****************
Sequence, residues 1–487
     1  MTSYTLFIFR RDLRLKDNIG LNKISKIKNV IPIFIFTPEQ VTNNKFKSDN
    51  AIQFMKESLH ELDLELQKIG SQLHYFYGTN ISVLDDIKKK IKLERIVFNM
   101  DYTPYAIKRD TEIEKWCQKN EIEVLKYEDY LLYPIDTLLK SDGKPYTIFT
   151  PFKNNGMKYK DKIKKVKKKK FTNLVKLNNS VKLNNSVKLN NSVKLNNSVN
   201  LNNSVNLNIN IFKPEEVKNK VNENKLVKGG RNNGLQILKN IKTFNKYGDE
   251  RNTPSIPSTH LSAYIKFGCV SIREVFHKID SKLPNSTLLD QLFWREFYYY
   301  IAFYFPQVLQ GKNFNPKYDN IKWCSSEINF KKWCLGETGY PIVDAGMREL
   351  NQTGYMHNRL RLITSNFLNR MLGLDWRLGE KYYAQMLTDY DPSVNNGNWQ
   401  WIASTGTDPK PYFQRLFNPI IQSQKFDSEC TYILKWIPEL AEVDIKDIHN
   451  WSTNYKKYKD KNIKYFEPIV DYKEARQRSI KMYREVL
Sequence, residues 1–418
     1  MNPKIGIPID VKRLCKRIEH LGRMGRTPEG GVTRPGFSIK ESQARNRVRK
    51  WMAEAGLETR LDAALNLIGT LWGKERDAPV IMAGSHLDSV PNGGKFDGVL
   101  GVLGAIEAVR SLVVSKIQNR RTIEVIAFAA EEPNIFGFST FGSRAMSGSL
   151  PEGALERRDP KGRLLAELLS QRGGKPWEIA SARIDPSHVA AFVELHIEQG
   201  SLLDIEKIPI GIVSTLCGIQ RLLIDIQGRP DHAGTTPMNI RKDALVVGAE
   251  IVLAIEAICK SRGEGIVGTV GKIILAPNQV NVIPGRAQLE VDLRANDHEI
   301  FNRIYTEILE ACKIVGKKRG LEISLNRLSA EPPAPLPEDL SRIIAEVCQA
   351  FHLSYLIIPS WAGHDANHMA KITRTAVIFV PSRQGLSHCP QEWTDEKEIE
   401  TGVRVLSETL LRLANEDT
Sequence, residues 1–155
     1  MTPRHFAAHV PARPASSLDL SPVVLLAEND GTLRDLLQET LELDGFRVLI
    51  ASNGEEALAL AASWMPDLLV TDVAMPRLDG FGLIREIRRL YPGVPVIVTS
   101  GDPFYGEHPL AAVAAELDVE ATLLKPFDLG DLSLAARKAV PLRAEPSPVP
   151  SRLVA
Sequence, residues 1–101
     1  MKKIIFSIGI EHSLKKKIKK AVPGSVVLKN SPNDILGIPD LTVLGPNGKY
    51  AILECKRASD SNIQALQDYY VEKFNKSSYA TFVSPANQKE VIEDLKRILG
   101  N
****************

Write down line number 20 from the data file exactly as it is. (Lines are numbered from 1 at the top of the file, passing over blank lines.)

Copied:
   351  FHLSYLIIPS WAGHDANHMA KITRTAVIFV PSRQGLSHCP QEWTDEKEIE